• When you arrive, clean out your RV. Throw away all food wrappers and crumbs that were created during your drive up. Brush off your seat and floors if they’re pretty messy.

5. Drive slow and careful

slown down road sign


One way to break a window is to get into an accident on the road. This will obviously be worse than just breaking a window. But we need to say something.

We see you guy! Racing around on Friday afternoons, trying to beat traffic, trying to get out of town in a hurry.


Getting in an accident is a great way to ruin your trip. And how much time are you actually saving by driving fast and dangerously? Here’s some math:

  • 250 mile road trip at 75 mph: 200 minute long trip
  • 250 mile road trip at 65 mph: 230 minute long trip
  • 250 mile road trip at 55 mph: 272 minute long trip

If you have the patience and control to wait 70 minutes, you have a great chance of getting to your destination safely, alive, without a ticket, or insurance increases, AND you’ll save money on fuel because you’ll be driving more efficiently.

6. Be careful when doing things inside your RV!

motorhome interior


Believe it or not, you can just as easily break a window from inside your RV than from outside. Some RV owners will get a bug to do some interior remodeling, or decide to move things around inside their motorhome. Perhaps they are storing things like bed frames, or tools that have the potential to smack into a window and crack or break it.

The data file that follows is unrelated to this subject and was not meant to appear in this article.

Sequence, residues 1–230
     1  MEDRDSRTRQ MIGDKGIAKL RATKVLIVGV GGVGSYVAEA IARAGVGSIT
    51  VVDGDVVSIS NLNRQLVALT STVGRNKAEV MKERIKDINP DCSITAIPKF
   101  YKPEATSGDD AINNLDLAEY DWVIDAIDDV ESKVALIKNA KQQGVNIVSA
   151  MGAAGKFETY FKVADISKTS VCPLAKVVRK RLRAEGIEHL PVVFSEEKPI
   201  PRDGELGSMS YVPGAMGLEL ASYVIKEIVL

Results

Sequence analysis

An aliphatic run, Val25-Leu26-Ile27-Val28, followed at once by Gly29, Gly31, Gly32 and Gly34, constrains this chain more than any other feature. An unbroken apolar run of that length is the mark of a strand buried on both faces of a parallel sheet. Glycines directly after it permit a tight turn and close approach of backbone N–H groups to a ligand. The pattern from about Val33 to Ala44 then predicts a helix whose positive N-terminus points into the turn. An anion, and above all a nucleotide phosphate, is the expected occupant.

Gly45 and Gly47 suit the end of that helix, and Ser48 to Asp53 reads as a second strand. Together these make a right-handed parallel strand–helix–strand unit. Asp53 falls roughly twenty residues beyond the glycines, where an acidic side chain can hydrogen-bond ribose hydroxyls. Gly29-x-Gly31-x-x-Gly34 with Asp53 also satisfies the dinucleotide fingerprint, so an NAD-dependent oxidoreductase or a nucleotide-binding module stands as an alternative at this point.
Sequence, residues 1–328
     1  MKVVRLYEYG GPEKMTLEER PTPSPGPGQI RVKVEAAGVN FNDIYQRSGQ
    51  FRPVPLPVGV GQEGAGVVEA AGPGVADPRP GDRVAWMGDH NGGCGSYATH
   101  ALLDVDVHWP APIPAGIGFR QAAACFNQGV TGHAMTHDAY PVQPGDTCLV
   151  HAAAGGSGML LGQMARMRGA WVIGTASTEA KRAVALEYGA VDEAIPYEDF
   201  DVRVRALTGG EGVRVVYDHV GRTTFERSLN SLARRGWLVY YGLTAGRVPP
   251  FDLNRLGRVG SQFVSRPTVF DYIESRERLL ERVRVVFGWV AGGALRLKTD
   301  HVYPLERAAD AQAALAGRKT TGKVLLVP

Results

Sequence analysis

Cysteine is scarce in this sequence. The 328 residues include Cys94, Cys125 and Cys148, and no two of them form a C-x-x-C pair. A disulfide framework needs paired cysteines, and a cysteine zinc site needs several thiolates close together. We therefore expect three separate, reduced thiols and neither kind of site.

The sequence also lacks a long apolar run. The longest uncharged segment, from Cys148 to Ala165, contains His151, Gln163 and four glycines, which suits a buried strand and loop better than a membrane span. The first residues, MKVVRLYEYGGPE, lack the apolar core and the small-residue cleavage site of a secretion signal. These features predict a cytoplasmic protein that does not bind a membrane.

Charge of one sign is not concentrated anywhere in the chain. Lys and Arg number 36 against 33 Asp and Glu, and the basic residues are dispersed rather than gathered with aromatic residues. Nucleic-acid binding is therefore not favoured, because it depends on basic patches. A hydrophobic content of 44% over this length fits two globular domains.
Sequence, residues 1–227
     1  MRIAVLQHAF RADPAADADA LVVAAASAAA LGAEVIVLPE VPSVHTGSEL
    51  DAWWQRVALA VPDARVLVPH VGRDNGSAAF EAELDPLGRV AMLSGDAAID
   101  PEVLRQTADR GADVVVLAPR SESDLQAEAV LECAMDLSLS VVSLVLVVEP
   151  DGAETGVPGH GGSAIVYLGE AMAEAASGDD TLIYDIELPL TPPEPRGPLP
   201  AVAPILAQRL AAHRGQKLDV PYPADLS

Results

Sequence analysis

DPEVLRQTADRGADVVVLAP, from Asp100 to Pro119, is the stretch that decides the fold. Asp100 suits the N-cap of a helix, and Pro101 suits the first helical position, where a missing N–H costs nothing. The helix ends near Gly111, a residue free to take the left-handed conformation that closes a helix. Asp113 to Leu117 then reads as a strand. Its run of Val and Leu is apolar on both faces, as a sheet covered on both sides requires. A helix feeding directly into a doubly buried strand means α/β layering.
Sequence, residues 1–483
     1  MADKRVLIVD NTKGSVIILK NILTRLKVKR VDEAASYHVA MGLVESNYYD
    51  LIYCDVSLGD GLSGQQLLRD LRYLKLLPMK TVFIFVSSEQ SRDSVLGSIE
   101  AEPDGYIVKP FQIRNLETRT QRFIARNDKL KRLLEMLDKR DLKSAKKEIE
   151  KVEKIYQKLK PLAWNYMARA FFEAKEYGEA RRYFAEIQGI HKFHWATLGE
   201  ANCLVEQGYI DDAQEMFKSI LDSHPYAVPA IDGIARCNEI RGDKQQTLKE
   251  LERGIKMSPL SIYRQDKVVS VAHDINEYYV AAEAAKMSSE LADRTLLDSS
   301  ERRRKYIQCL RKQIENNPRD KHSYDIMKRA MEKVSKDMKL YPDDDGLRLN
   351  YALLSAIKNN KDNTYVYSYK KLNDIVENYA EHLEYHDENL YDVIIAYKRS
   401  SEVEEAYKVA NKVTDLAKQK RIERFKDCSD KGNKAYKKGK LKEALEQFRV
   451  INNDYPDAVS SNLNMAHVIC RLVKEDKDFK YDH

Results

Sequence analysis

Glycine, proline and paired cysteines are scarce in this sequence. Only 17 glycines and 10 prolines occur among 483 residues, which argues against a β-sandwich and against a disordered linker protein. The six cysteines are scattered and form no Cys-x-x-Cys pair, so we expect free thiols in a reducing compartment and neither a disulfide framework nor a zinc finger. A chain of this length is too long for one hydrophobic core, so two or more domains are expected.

7. Watch out for bad weather

bad weather on the road


If you have a heads up that a big storm is coming your way, you may want to park your RV in a safe place. Perhaps even in a parking garage if possible (watch clearance). Or if you’re driving across the country, you may want to track the weather far out. You don’t want to drive into tornadoes or hurricane weather.

8. Sporting and music events

man golfing

Some people enjoy taking their RV to sporting events like baseball games, golf events, and music venues. There’s a small chance that a fly ball or golf ball breaks your window. Now, this is a lot less likely at professional sporting events. However, if you’re at your kid’s or grandson’s baseball game – you’ll likely be a lot closer to fly balls. We’ve seen this happen more than once!

Also, people park near driving ranges, and even though they have nets to prevent most balls from leaving the range, enough make it through to be a threat.

Finally, music events are an interesting hazard. This usually applies to musicians or tour bus operators that frequent events. Some events can get rowdy and sometimes RVs and tour buses can get thrashed by out-of-control or inebriated concertgoers. Another thing – lately, people have been RV-ing to music events like Burning Man and other shows where RVs are parked IN the show grounds and not in a parking lot. In this scenario, again, you’re closer to partying, drunkenness and an all-around wild time. Just something to keep in mind!

9. The kids in the neighborhood

kids playing stick ball in the street


You may not feel like parking your RV in your driveway or in the back of your property. Perhaps after a long haul, you just want to pull up to your house and park on the street.

Now, if the kids in your neighborhood like to play baseball or street hockey, this could be a recipe for a broken window or dent. Your RV is a big target and it’s probably going to get smacked a few times from the street sporting league on your block. Even a good kick to a soccer ball or basketball may even dent some of your RV side paneling. It’s also possible they’ll break a window.

Image Credits

man golfing, rough part of town